A few weeks ago, we went on another expedition to the Offerings Cave in the Elijio Panti National Park with Gonzo, his friend Becky, who is an archeologist, and with Antonio as our guide. I had visited the cave about a year ago with Gonzo and Antonio, as well as Selwyn and two of our guests. Tom heard so much about it from Gonzo and me that he went with Antonio and Selwyn shortly after that, but none of us had been there in almost a year. Gonzo wanted Becky to see it, and the rest of us wanted to take some more time to explore and to take a second look at some things.
When Gonzo and I went last year, we hiked in, explored the cave, and hiked out. When Tom went, he walked, but went with Antonio and another guy who packed their stuff in on horses, and they camped overnight.
This time, after much discussion as to how to get there, Gonzo decided that he would attempt to drive in with his 4WD, bush-equipped, Mitsubishi Montero. An old fire/logging road runs from San Antonio past the Visitors’ Center and almost to the base camp below the mouth of the cave. But, we’d been having quite a bit of rain and nobody had attempted the drive in quite a while. No worries, however. We picked Antonio up at his house and started down the track. Our first obstacle was a bridge that had burned when some of the farmers were burning off their fields, but it had been partially rebuilt with large rocks, which the Montero with Gonzo at the wheel handled easily.
We then ran into some deep muddy ruts, but thanks to Gonzo’s driving and Antonio’s advice from the back seat on the best places to attempt to hit on the road, we made it through. We ran into some more deep, slick, and muddy spots which the Montero crawled through quite nicely, and then ran into some downed trees.
Tom and Antonio got out, machetes in hand, and whacked the logs out of the road so we could pass. We ran through another muddy spot on the trail which made Becky and me a little nervous, because while it was at the bottom of a muddy hill heading to the cave, we knew we were going to have to cross the very sloppy spot and climb the muddy hill on our way out. The men reassured us that we’d be fine, and we made it the rest of the way to the cave with Tom and Antonio only having to get out to chop things out of our way a few more times.
Once there, we outfitted ourselves with helmets and headlamps, and headed up the hill to the cave entrance. We had noticed some carvings in a large rock outside of the cave the last time we were there, but didn’t have any equipment to try to see them better.
This time, Gonzo had picked up some paintbrushes in San Antonio on our way there to clear off some of the dust, and he had his large spotlight to better cast shadows to see indentations in the rock.
We spent quite a while looking at the rock, and noticed many carvings that we hadn’t seen last time. Gonzo also got a few good shots of the carvings on the top of the rock.
At some point, he and Becky also realized that as they sat on top of the rock, they were in a crocodile’s mouth formed by the stalactites. Once they pointed it out, it was obvious, but we hadn’t noticed before.
We then headed into the cave. It was very much as I remembered it, although the rock formations were much more impressive when viewed with the high-powered spotlight rather than just with headlamps.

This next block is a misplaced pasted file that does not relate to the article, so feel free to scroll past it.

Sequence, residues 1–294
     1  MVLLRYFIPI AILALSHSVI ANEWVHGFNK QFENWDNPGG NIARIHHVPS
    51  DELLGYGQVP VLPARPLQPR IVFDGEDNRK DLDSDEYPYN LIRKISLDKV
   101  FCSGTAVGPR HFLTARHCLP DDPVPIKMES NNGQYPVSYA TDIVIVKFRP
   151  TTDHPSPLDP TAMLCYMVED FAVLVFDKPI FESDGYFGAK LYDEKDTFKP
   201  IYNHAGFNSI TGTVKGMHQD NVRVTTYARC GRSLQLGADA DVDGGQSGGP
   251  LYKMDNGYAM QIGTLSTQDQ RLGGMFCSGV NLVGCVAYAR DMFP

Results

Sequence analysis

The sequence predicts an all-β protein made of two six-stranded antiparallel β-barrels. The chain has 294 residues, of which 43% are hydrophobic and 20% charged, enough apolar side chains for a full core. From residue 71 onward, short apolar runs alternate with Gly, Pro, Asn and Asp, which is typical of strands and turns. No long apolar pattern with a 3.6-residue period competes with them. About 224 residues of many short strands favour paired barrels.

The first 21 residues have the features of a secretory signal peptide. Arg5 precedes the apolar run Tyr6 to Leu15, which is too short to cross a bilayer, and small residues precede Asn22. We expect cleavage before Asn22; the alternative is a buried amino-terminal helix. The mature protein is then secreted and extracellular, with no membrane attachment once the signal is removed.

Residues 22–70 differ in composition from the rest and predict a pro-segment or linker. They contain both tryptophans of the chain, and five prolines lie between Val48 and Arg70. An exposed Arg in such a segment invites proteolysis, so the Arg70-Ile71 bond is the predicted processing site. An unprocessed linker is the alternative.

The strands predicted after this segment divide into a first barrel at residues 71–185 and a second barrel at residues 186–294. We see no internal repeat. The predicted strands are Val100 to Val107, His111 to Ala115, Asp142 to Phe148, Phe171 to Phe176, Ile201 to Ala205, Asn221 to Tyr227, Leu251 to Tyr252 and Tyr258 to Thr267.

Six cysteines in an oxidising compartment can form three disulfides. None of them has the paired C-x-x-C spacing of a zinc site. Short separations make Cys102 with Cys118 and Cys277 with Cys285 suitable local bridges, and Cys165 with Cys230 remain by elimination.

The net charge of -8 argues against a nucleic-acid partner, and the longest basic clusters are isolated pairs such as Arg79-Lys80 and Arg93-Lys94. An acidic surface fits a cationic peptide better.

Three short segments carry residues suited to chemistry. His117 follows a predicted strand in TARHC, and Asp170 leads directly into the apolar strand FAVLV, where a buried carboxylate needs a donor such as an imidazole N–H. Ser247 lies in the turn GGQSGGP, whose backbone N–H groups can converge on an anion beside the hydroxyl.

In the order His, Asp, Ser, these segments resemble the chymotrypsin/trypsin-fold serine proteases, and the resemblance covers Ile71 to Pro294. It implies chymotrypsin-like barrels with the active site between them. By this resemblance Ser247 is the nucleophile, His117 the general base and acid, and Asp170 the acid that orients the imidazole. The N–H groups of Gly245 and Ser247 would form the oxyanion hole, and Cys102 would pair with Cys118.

We also went through a curtain of crystal stalactites and stalagmites into two more rooms of the cave where Gonzo and I hadn’t been before.
One was a burial chamber, with many bone and tooth fragments, and the other was a chamber with 26 pots, with 13 turned up and 13 turned down.
Becky and Gonzo also noticed that the pots were lined up on an east-west axis, a theme which, once we noticed it, we saw repeated in other parts of the cave.
We took a much closer look at the area of the cave where some very large pots had been placed under a natural rock shelf, with some pots on top of the shelf.
Becky noticed that many of the pots had charcoal in them, and what looked like burned bone and tooth fragments.
We spent a lot of time looking closely at all the things we’d just walked by before, and noticed more rocks that had been carved in a shape that we saw repeated over and over throughout the different cave chambers. We ended up spending about three hours in the cave before we decided that we’d seen as much as our minds could absorb at once.
We headed out of the cave and down the hill for lunch before heading back to San Antonio in the Montero.
We made it through the spot that had worried Becky and me, although not without a little bit of spinning tires and back sliding, and Tom running ahead to push big rocks and sticks that could have slowed us down out of the way. We clocked the distance both on a GPS and on the truck’s odometer, and it is almost exactly seven miles between Antonio’s house and the cave, and it took us about an hour and a quarter to drive it. So, when conditions allow driving, this is a good day’s exploration. If we have to walk or ride horses to get it, it would probably require an overnight in order to get a good feel for what’s in the cave. And, we decided, based on some of Antonio’s experience in trying to drive in with other types of vehicles, that the small SUVs such as the Montero are perfect – the bigger SUV’s are too wide and not maneuverable enough, and small pickups like our Isuzu are too light in the hind end. And, of course, you need a good driver, which Antonio says aren’t all that easy to find; he had a number of tales of people who had attempted to drive in with him, and was happy to point out how far they got before they got stuck!